The High Court rules that a successful North London school’s anti-gang policy of banning certain haircuts is “unlawful, indirect racial discrimination” after a pupil was excluded for having cornrows.
The decision was welcomed by the family of an African-Caribbean teenager whose cornrow braids meant he was turned away at the gates of St Gregory’s Catholic Science College in Harrow, north London.
The 13-year-old teenager “G”, who cannot be named, was refused entry into the school in September 2009, when he was 11. It was to be his first day at the school and he left in tears. Despite his family’s success in gaining judicial review, G does not want to return to the school.
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A statement from St Gregory’s said that G “was asked to remove the cornrows. He and his mother did not wish to do so, and sought a place at another school. St Gregory’s helped them achieve that and the school is very happy to learn that G is enjoying his schooling there”.
It continued: “Our uniform policy, including that related to hair styles, is fair and equitable to the wide range of cultures which make up our school community and we value the contribution of every child regardless of ethnic or racial background.”
Our uniform policy is fair and equitable to the wide range of cultures which make up our school community. St Gregory’s school statement
The school argues that the ban on cornrows and other unconventional haircuts, which has been in place since 1993, is necessary to stop the gang culture prevalent in the area coming into the school. It says haircuts are used as badges of membership by gangs operating in the part of London in which the St Gregory’s is located.
Judge Mr Justice Collins ruled that the policy was not unlawful in itself, “but if it is applied without any possibility of exception, such as G, then it is unlawful”.
Headteacher Andrew Prindiville had earlier told the court any exceptions would lead to “huge pressure” to unravel a strict policy which was “a vital part” of the school’s success in keeping out unwanted influences.
He said it was likely there would be applications for other styles like “skinhead” cuts, which were common in some east European cultures. However, the judge said he did not find those objections valid, as there was not a shred of evidence to suggest that “anything but choice” could lead to a skinhead haircut.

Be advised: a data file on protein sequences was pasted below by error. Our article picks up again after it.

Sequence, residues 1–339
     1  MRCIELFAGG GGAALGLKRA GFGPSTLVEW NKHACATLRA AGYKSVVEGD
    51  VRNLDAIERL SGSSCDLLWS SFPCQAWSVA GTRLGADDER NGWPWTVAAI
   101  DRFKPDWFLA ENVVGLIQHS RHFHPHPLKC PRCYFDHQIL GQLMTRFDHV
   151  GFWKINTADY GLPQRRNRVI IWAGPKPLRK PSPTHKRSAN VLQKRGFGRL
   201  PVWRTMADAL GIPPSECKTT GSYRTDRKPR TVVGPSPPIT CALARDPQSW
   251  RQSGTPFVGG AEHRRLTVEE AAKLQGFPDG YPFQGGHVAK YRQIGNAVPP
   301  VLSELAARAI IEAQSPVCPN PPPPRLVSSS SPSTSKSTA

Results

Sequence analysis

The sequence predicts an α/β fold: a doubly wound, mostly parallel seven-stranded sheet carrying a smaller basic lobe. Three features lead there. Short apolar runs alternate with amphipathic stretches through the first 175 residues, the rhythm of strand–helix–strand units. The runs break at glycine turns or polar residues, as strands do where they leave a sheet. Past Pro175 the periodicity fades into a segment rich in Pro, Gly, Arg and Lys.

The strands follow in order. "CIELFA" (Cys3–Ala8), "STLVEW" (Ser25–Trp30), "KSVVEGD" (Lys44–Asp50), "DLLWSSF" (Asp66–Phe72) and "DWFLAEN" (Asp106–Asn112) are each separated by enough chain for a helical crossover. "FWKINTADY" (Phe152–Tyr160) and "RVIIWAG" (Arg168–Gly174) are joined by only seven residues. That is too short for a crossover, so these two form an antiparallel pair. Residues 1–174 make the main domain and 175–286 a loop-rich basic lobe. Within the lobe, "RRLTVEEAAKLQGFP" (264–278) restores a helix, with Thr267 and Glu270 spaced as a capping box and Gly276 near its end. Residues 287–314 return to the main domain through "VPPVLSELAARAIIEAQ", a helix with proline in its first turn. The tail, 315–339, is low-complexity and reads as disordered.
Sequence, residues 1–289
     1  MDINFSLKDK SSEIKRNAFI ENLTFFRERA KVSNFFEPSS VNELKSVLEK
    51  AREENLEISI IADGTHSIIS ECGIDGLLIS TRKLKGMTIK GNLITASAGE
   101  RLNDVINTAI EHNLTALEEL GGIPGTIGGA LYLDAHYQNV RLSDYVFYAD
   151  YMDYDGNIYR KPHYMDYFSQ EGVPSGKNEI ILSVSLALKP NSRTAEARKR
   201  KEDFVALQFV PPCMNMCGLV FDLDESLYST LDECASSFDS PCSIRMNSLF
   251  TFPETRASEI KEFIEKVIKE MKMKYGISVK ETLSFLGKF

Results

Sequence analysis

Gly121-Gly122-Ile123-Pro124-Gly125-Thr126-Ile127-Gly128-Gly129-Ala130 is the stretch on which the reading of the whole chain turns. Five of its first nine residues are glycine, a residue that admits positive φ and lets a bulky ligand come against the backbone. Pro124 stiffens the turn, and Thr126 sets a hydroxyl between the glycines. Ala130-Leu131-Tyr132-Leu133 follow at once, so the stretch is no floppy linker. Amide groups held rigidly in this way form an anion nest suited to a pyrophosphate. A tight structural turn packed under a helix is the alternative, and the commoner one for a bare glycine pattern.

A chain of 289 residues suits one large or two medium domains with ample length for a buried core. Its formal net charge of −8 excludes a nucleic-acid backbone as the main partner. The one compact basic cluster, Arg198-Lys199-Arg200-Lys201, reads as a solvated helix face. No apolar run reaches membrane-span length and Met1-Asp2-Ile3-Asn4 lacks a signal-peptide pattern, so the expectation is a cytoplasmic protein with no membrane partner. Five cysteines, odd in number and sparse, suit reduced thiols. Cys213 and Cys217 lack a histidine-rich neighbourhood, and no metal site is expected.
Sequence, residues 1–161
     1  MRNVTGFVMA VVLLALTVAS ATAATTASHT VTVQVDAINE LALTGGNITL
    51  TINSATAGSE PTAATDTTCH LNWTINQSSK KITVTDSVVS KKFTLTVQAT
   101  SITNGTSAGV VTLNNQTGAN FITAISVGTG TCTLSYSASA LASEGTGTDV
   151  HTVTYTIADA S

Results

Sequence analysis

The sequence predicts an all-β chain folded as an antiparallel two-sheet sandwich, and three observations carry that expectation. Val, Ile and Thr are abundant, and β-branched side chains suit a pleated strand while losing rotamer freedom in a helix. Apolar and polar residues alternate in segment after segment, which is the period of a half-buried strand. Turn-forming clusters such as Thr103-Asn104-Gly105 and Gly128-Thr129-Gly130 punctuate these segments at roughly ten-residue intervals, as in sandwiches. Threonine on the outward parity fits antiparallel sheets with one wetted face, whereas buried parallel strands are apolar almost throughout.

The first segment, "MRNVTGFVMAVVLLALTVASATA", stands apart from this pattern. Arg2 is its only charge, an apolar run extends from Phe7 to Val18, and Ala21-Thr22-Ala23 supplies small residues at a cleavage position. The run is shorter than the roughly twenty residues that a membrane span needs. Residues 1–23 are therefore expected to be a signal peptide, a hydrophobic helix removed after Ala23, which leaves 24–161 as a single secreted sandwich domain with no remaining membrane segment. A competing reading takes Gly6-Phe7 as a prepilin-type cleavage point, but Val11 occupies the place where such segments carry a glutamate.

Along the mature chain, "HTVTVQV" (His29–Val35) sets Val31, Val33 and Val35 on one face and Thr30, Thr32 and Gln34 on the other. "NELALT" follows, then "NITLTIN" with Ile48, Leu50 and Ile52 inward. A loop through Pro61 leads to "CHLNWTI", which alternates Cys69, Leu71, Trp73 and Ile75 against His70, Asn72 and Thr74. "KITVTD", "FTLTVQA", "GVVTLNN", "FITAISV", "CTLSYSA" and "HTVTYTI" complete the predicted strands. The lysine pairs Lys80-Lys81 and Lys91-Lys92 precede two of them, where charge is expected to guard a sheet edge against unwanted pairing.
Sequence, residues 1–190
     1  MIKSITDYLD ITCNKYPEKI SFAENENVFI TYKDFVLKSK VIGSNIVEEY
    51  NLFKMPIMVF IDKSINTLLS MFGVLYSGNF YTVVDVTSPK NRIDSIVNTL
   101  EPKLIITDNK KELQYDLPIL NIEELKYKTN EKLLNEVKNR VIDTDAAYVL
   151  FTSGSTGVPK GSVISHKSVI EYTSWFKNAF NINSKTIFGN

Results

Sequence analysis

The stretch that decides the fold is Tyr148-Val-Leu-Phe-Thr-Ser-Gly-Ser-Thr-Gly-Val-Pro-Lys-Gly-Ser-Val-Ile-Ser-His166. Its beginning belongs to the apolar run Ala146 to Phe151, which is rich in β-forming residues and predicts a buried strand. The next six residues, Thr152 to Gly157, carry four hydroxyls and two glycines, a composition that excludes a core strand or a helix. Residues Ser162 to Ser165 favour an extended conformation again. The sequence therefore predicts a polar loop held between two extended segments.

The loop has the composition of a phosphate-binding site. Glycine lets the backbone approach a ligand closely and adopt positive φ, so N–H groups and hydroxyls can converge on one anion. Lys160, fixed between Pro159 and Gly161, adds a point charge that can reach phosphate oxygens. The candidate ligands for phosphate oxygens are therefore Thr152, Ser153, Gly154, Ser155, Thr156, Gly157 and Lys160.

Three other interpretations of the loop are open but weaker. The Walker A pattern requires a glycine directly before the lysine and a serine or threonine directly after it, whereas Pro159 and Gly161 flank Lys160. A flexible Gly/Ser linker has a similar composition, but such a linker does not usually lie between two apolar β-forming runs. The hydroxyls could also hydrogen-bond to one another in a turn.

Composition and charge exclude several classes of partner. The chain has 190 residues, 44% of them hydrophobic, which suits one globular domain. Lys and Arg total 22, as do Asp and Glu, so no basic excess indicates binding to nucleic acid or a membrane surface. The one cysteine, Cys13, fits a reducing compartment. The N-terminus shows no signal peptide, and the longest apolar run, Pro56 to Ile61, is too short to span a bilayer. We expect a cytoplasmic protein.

For G, wearing his hair in cornrows is a fundamental cultural practice. Angela Jackman, solicitor.
After the hearing, G’s solicitor, Angela Jackman of Maxwell Gillott spoke of the importance of the decision: “For G, wearing his hair in cornrows is a fundamental cultural practice which would have had no adverse impact upon the school. His wishes, however, were dismissed by the school without any consideration.”
The school’s governing body will now consider whether to issue an appeal against the High Court’s decision to the Court of Appeal.
Twitter comments: Is a ban on certain hairstyles in schools over gang fears fair or discrimination?
@Broxted In my day it was how one wore one's tie. Gangs will always have reasons to fight. #PeckhamBoyz
@JoRowlingRocks don't think it's discrimination but it smacks of desperation, it's clearly not going to make a difference to gang culture
@grrrth Of course it is (unfair). It's also pointless. Bang gang "colours", so they move on to haircuts. Ban those, so they move on again.
@LoveKarenx Complete indirect discrimination to ban corn rows in a school over gang fear...its like banning ponytails!!!!!!
@dcbcherrygate Its fair to ban hairstyles. Kids must learn that the real world outside of school expects a level of presentation as well.
@SweetAK It's absolutely not fair! It's ignorant misunderstanding of a longstanding cultural style. Cornrows do not begat gangwar. This is another example of generalizing a culture without understanding.
@superlative Yes it's fair, it's just hard to police when some hairstyles are for cultural or religious reasons.
@OfThisWorld N.Clegg, G.Osborn, D.Cameron all have same oxbridge hair cut, why shouldn't kids in London dress like their friends?
@Pippyz Philipa Yes banning certain hairstyles is fair - that's what uniform means.
@Samcornwell I think it's pathetic that the hairstyle case reached the high court. If a school has a dress code - adhere to it.